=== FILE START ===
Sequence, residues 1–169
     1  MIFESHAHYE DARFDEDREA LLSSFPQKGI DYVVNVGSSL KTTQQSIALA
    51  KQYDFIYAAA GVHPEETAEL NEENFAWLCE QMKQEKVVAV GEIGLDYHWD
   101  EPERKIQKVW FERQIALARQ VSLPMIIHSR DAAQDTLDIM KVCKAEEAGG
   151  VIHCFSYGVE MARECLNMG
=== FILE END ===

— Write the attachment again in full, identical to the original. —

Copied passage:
Sequence, residues 1–169
     1  MIFESHAHYE DARFDEDREA LLSSFPQKGI DYVVNVGSSL KTTQQSIALA
    51  KQYDFIYAAA GVHPEETAEL NEENFAWLCE QMKQEKVVAV GEIGLDYHWD
   101  EPERKIQKVW FERQIALARQ VSLPMIIHSR DAAQDTLDIM KVCKAEEAGG
   151  VIHCFSYGVE MARECLNMG